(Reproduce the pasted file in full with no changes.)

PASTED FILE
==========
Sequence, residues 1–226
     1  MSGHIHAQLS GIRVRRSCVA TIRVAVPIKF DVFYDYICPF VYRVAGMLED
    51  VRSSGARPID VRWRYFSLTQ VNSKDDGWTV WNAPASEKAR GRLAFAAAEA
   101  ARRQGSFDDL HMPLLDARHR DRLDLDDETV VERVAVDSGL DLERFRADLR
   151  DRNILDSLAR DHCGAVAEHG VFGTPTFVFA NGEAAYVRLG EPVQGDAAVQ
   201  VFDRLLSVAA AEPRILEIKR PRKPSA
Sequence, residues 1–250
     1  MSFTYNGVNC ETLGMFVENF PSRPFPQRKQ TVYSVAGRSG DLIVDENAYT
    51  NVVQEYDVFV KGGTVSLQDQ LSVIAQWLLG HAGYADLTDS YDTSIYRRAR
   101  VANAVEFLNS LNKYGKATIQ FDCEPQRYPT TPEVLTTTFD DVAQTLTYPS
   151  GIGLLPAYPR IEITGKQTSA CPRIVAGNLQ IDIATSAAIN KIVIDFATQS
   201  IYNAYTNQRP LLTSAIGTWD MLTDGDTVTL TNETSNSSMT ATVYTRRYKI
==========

Sequence, residues 1–226
     1  MSGHIHAQLS GIRVRRSCVA TIRVAVPIKF DVFYDYICPF VYRVAGMLED
    51  VRSSGARPID VRWRYFSLTQ VNSKDDGWTV WNAPASEKAR GRLAFAAAEA
   101  ARRQGSFDDL HMPLLDARHR DRLDLDDETV VERVAVDSGL DLERFRADLR
   151  DRNILDSLAR DHCGAVAEHG VFGTPTFVFA NGEAAYVRLG EPVQGDAAVQ
   201  VFDRLLSVAA AEPRILEIKR PRKPSA
Sequence, residues 1–250
     1  MSFTYNGVNC ETLGMFVENF PSRPFPQRKQ TVYSVAGRSG DLIVDENAYT
    51  NVVQEYDVFV KGGTVSLQDQ LSVIAQWLLG HAGYADLTDS YDTSIYRRAR
   101  VANAVEFLNS LNKYGKATIQ FDCEPQRYPT TPEVLTTTFD DVAQTLTYPS
   151  GIGLLPAYPR IEITGKQTSA CPRIVAGNLQ IDIATSAAIN KIVIDFATQS
   201  IYNAYTNQRP LLTSAIGTWD MLTDGDTVTL TNETSNSSMT ATVYTRRYKI